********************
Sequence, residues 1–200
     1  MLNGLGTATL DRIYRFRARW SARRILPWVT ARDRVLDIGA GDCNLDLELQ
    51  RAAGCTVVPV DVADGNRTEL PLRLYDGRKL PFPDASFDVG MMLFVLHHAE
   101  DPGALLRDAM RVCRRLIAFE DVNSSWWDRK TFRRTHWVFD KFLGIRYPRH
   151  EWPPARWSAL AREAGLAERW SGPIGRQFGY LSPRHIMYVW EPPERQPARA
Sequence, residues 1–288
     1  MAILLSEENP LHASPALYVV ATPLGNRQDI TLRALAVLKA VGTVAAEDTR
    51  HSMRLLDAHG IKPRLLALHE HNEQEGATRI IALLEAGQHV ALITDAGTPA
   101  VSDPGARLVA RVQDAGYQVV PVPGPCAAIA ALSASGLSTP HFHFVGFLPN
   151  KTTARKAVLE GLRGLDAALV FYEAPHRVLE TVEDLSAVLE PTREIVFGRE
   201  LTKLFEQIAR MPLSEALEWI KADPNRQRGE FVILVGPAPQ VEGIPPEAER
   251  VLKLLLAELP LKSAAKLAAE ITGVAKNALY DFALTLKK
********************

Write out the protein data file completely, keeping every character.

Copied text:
Sequence, residues 1–200
     1  MLNGLGTATL DRIYRFRARW SARRILPWVT ARDRVLDIGA GDCNLDLELQ
    51  RAAGCTVVPV DVADGNRTEL PLRLYDGRKL PFPDASFDVG MMLFVLHHAE
   101  DPGALLRDAM RVCRRLIAFE DVNSSWWDRK TFRRTHWVFD KFLGIRYPRH
   151  EWPPARWSAL AREAGLAERW SGPIGRQFGY LSPRHIMYVW EPPERQPARA
Sequence, residues 1–288
     1  MAILLSEENP LHASPALYVV ATPLGNRQDI TLRALAVLKA VGTVAAEDTR
    51  HSMRLLDAHG IKPRLLALHE HNEQEGATRI IALLEAGQHV ALITDAGTPA
   101  VSDPGARLVA RVQDAGYQVV PVPGPCAAIA ALSASGLSTP HFHFVGFLPN
   151  KTTARKAVLE GLRGLDAALV FYEAPHRVLE TVEDLSAVLE PTREIVFGRE
   201  LTKLFEQIAR MPLSEALEWI KADPNRQRGE FVILVGPAPQ VEGIPPEAER
   251  VLKLLLAELP LKSAAKLAAE ITGVAKNALY DFALTLKK